Excerpt from Artie Lange’s Crash and Burn

In Crash and Burn, Artie Lange tells the behind-the-scenes story about his meltdown on The Howard Stern Show:

Artie Lange Crash And BurnIt was about this time in my crash that my performance on the “Stern Show” slid into the s— after eight solid years. If you want to talk about a loss of timing, all I need to say is that falling asleep on air, with 6 million people listening, became my most consistent contribution. That is when I wasn’t making nonsensical comments, interrupting Howard, or fighting with just about everyone.

One morning that sticks in my mind was the day we had Ben Stiller and Jimmy Kimmel on the show. At some point in the conversation Kimmel mentioned that he was friends with Tom Cruise and that he didn’t believe the story in “Too Fat to Fish” (Lange’s first book) where I talk about how rude Tom was to me on the set of “Jerry Maguire.” Jimmy was being friendly about it, just saying it didn’t sound like Tom, but I didn’t see it that way at all. I saw it as a personal attack.

“F— you, Jimmy,” I said. “Tom Cruise is a f—— a——. He’s a f—— creep.”

“Calm down, Artie,” Howard said.

I didn’t calm down, of course. I kept at it to the detriment of the show and to my already sagging performance. That was the first time I really sucked, but it was far from the last.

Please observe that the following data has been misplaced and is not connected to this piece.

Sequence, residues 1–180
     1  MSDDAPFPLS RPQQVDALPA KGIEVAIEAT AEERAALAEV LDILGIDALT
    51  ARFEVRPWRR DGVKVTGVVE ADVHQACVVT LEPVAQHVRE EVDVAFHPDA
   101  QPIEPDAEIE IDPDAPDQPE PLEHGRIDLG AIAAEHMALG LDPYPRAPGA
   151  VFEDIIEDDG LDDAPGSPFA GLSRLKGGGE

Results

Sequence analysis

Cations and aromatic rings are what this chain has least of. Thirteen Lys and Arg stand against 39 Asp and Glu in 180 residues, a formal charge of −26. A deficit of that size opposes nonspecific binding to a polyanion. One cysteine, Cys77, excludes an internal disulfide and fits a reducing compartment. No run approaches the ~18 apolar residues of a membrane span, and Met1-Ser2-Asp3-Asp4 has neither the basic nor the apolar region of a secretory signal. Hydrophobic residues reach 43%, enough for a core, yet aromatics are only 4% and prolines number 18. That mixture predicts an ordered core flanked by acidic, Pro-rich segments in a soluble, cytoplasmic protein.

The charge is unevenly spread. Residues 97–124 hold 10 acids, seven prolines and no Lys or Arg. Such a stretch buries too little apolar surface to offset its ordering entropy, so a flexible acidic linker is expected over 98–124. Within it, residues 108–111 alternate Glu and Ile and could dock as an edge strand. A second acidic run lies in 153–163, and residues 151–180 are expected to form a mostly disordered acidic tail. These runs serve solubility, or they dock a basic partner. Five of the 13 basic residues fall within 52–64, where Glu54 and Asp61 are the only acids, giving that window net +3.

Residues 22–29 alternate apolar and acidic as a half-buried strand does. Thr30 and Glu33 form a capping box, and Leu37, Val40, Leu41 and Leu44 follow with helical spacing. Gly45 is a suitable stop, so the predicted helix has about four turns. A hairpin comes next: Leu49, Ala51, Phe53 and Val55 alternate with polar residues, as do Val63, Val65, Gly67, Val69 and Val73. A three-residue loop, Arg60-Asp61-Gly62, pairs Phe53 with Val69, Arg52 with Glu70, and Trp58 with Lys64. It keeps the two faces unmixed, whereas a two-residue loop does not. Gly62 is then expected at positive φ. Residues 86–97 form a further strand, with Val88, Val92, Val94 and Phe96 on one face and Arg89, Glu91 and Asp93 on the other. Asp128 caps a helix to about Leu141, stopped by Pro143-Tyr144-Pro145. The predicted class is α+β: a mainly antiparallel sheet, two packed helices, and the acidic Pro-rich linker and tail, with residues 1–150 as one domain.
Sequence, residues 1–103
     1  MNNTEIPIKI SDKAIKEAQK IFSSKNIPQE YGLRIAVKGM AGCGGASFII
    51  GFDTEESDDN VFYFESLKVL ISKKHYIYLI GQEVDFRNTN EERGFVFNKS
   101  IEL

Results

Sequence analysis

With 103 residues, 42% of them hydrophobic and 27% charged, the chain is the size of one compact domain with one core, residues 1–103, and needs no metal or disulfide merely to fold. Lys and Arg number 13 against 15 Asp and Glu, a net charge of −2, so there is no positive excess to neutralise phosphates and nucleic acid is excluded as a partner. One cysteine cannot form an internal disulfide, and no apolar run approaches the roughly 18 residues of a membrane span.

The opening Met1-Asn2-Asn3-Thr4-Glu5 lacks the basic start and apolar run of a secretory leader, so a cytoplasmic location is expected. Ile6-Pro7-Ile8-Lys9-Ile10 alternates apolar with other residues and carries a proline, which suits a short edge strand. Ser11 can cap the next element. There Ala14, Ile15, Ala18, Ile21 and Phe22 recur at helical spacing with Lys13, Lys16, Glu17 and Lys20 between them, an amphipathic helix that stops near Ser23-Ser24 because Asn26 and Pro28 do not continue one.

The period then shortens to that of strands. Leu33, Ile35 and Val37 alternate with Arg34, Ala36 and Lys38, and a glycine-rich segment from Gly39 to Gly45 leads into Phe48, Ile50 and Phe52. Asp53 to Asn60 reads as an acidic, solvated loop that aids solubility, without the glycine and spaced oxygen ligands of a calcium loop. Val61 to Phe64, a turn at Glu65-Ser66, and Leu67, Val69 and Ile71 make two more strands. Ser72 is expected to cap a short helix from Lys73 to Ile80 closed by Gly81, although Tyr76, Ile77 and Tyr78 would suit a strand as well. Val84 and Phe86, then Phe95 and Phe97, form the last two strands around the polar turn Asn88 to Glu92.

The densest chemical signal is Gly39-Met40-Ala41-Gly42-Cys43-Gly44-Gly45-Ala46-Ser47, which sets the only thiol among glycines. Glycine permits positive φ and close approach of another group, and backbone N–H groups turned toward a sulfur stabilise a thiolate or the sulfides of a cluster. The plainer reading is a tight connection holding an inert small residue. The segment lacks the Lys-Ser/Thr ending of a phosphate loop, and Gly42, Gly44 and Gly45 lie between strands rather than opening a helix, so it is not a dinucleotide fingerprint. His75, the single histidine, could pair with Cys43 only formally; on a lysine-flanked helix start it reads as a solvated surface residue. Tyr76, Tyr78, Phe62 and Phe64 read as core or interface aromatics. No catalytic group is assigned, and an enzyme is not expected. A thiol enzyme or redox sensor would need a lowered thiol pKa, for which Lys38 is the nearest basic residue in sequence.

In September Howard had to sit me down for a heart-to-heart, which he’d never had to do in my eight years on the show.
“Listen, Art,” Howard said. “We don’t know if you’ve got something going on again, but you’ve not been doing your job on the air lately.”

“Howard, I’m clean,” I said. I was totally lying — I was high at the time.

“We always had a rhythm, Art,” Howard said. “You and Robin and I were always seamless, and that was great. But now you’re sort of interrupting us and I’m worried about you. You get crazed over little things. I don’t want to drug test you because that’s none of my business, but I want you to be all right.”

“Howard, I’m clean and I’m working on myself,” I said. “I’ve gotten rid of the drugs, but I’ve got a lot of work to do on myself. I understand that.”

“I don’t want to fire you, Artie,” Howard said. “It seemed like you were doing so good. Just work on that.”

“I will, Howard, I promise.”

Yeah, right. It just got worse and worse.

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